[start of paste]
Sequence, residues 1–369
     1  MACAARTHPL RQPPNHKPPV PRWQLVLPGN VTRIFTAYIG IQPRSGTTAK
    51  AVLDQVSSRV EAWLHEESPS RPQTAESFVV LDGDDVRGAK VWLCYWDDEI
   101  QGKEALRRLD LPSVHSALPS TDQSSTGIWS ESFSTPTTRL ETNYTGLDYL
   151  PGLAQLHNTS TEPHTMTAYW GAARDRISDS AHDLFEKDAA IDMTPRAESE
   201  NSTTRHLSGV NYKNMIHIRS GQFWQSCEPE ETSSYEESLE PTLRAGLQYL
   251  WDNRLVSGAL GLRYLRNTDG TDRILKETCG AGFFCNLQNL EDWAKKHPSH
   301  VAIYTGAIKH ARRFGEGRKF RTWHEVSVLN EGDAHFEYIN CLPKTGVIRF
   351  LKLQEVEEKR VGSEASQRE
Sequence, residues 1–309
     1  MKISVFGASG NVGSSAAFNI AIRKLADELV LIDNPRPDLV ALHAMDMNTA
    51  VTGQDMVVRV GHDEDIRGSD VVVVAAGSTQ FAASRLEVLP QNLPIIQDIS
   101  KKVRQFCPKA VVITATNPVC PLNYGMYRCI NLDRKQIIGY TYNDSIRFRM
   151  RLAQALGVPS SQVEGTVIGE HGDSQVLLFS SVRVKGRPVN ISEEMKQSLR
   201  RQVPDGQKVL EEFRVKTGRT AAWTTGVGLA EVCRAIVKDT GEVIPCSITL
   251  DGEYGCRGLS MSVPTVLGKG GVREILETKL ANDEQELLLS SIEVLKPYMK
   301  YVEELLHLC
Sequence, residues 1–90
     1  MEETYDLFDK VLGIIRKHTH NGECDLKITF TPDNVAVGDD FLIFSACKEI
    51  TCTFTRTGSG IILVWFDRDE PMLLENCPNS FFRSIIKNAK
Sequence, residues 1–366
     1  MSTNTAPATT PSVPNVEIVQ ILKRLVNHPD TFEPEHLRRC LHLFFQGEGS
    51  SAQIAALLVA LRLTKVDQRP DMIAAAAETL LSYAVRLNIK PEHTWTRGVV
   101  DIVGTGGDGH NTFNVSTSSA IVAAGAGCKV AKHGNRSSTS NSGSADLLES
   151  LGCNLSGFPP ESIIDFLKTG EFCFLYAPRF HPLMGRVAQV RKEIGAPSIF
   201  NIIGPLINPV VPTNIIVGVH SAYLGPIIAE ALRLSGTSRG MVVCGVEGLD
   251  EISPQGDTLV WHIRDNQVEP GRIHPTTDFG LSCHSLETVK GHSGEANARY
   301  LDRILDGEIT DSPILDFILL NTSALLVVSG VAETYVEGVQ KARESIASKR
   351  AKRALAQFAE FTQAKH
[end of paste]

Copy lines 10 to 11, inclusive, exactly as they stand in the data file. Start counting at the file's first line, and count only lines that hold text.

Sequence, residues 1–309
     1  MKISVFGASG NVGSSAAFNI AIRKLADELV LIDNPRPDLV ALHAMDMNTA